Size: 5 x 50 (Robusto)
Binder and Filler: Cuban
Price: Little over $10.00 a piece
Behind The Stick:
A long time worker within the Cuban tobacco business, Spaniard Don Jaime Partagas Ravelo established his factory, Real Fabricas de Tabaco partagas in 1845 in Havana, becoming one of the largest factories of its time. Since Don Jaime owned many of the best plantations in the Vuelta Abajo region and his known status as being a cigar supplier to numerous Asian and European elites, this large factory was not only required but also was another way to display status within his profession. Don Jaime was rumored to have experimented with various methods of fermenting and aging tobacco and has been credited with hiring the first lector to read to and entertain the cigar rollers as they worked, boosting moral and improving quality and consistency within the factory.
Although Don Jaime was excelling and expanding his business by leaps and bounds, in 1864 or 1868 he was murdered on one of his plantations – supposedly murdered by a jealous rival over one of his love affairs. After his death, Jose Partagas, his son, took over the family business continuing production as normal although not much changed during this time period. In 1900 the factory was sold to a banker and then directly to the form Cifuentes, Fernandez y Cia who later acquired the rights to the Ramon Allones brand, also later creating a brand for their owner, Cifuentes.
Once the current owners passed in 1938 and 1940, the Cifuentes family were in sole control of the highly prestigious factory. Later in life, 1954 to be exact, the Cifuentes family began acquiring more brand names including Bolivar and La Gloria Cubana, both from Jose F. Rocha and then relocating the factory, by this time they have become the second largest Cuban Cigar exporter, second only to H. Upmann.
Like many manufacturers of the time, during the Cuban revolution the Cifuentes family fled the country, the now nationalized government taking control of the family fields and factory continuing production with the same brand names. After what seems like a life time, 17 years later, Ramon Cifuentes began to produce Partagas and Bolivar cigars for General Cigar Company on the US market, first being made in Jamaica and then moving to a large plantation and factory located in the Dominican Republic.
The Partagas factory still produces Partagas cigars, among others, and has proven to still be a very popular tourist destination for cigar smokers and enthusiasts taking a trip on the island of Cuba. Although in 2002, the Cigar giant Altadis bought a significant portion within the Cuban government-owned cigar distributor, Habanos SA almost immediately making changes. One of these were to change the brands to either all-handmade or all-machine-made cigars, reduce the redundancy of same size cigars within a brand and stop production on low selling cigars, many long time customers still upset about these decisions.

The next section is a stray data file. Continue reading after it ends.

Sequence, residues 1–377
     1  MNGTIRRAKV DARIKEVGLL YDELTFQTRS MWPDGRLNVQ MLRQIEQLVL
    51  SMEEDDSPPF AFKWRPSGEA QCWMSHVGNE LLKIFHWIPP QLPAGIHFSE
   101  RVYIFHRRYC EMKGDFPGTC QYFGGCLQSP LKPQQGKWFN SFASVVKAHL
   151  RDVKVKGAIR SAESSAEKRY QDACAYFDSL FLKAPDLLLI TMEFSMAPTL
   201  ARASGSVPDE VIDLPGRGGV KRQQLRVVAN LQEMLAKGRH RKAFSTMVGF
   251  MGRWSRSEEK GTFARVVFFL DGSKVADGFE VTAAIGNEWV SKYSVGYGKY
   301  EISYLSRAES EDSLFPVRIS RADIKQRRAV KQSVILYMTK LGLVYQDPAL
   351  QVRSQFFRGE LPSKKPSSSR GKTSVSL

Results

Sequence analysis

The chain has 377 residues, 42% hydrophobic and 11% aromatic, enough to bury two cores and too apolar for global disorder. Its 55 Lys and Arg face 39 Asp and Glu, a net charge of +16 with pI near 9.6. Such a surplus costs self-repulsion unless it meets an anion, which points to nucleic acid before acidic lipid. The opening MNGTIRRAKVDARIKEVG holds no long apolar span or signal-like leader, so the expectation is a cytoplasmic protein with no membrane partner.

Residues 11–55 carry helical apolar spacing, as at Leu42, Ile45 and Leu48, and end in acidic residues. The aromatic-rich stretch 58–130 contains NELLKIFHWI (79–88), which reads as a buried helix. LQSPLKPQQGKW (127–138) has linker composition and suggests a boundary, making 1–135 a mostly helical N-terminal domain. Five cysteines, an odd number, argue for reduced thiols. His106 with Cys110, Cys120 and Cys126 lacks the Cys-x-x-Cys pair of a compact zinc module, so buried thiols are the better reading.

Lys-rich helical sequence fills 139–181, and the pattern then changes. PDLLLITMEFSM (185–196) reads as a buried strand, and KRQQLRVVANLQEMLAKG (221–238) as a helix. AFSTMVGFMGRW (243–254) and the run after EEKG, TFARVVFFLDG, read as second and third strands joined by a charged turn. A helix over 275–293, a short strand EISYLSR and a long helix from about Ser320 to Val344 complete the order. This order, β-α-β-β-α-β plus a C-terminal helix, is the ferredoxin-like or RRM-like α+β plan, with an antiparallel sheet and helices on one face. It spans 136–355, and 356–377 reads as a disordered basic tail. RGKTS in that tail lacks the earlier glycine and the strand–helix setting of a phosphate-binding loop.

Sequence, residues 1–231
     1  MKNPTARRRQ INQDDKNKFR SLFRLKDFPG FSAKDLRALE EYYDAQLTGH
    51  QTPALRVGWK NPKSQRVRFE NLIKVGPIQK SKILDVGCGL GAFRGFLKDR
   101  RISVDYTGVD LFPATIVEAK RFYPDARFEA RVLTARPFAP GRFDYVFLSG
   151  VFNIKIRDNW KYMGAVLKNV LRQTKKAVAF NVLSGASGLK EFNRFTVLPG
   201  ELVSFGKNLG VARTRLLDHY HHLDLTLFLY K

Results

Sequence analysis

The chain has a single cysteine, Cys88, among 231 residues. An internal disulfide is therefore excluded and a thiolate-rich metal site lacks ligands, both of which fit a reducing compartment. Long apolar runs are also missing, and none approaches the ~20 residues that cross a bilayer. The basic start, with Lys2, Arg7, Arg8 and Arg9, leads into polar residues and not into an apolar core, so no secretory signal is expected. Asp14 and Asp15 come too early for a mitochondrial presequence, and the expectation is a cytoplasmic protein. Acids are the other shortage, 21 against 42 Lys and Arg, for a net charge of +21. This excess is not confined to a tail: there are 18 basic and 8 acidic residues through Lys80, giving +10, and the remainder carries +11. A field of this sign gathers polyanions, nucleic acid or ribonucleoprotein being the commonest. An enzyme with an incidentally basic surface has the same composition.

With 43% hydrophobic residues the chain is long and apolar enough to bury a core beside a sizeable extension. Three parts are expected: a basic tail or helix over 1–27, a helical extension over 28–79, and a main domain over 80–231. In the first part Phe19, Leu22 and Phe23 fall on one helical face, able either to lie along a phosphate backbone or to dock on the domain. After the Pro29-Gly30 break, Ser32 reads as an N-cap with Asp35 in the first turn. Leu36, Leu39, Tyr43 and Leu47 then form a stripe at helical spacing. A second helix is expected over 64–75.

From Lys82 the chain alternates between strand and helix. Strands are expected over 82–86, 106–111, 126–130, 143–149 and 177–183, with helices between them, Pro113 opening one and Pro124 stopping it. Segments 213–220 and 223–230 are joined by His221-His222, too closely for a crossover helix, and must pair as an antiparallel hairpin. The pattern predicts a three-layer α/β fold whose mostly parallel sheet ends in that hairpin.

Evenly packed from head to foot with only the smallest amount of give at the end – damn this looks good. The band had been removed and reapplied, I am assuming on its trip to the states – but – there were no issues to the wrapper from my own or previous attempts. I only had one issue with the entire setup, and that had to do with the very brittle nature of the wrapper, which I can only compare to a Connecticut shade (only in terms of the wrappers brittleness) since the foot on one had a decent chunk taken out of the wrapper. Aside from that, this is another top quality cigar to come out of the island.
Directly from the start this cigar produces a large amount of smoke, perfect for trying to pick out the different flavors and their changes. The natural tobacco flavor pretty much lays the foundation of light grass and an exceptionally smooth earthiness that runs the duration of the cigar. Mixed in with this base flavor profile a solid cedar flavor lends a hand, introducing a (almost harsh) black pepper sensation that really struck gold with my taste buds. An aftertaste of spices (I can’t pin point them but reminded me of cooking spices) mixed with a subtle tingle where I let the wrapper rest on my lips did nothing but add character to this blend. To wrap things up, once well within the last third the almond flavors began to fight with the natural tobacco and pepper creating a not so harmonious mixture of bitter and harshness – time to put it down.
A big thank you to @cigarsthomas who was nice enough to send me this cigar for review – I can’t thank you enough! One of the things I have had to get used to when smoking Cuban cigars is to pay special attention to the feel rather than the appearance. The reason for this, some of the most ugly looking sticks seem to deliver the best – although the ones that seem to come from a painting can do the same but its not as often. The Partagas Series D No 4 is no different, producing a very enjoyable smoke – something I want to return to at another time. I would not put this as one of the most complex smokes out there, nor would I consider this linear but rather this cigar rests somewhere perfectly in the balance. My major complaints would be the brittle wrapper (no way to fix that, I just need to be more gentle) and the random harshness near the middle to end – aside from that – if you can get them I say give a few of these a try, even getting 3 or 4 on a whim would be fine, in my opinion.
Every Cigar Has A Story, Every Smoke A Memory